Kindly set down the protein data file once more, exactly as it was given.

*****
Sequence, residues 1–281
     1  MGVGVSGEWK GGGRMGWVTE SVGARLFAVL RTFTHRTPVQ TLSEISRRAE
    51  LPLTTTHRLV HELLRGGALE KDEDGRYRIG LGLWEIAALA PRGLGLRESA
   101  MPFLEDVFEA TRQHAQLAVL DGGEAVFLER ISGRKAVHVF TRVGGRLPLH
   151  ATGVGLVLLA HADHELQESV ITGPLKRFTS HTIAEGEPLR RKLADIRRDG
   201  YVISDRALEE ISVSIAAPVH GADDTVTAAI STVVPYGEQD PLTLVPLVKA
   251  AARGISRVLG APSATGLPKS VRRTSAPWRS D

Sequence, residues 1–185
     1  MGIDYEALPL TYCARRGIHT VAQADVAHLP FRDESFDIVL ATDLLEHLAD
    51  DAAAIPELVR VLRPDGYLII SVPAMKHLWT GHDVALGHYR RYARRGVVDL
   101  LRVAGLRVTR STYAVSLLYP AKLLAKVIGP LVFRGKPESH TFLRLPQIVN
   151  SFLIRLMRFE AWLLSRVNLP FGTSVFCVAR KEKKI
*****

Sequence, residues 1–281
     1  MGVGVSGEWK GGGRMGWVTE SVGARLFAVL RTFTHRTPVQ TLSEISRRAE
    51  LPLTTTHRLV HELLRGGALE KDEDGRYRIG LGLWEIAALA PRGLGLRESA
   101  MPFLEDVFEA TRQHAQLAVL DGGEAVFLER ISGRKAVHVF TRVGGRLPLH
   151  ATGVGLVLLA HADHELQESV ITGPLKRFTS HTIAEGEPLR RKLADIRRDG
   201  YVISDRALEE ISVSIAAPVH GADDTVTAAI STVVPYGEQD PLTLVPLVKA
   251  AARGISRVLG APSATGLPKS VRRTSAPWRS D

Sequence, residues 1–185
     1  MGIDYEALPL TYCARRGIHT VAQADVAHLP FRDESFDIVL ATDLLEHLAD
    51  DAAAIPELVR VLRPDGYLII SVPAMKHLWT GHDVALGHYR RYARRGVVDL
   101  LRVAGLRVTR STYAVSLLYP AKLLAKVIGP LVFRGKPESH TFLRLPQIVN
   151  SFLIRLMRFE AWLLSRVNLP FGTSVFCVAR KEKKI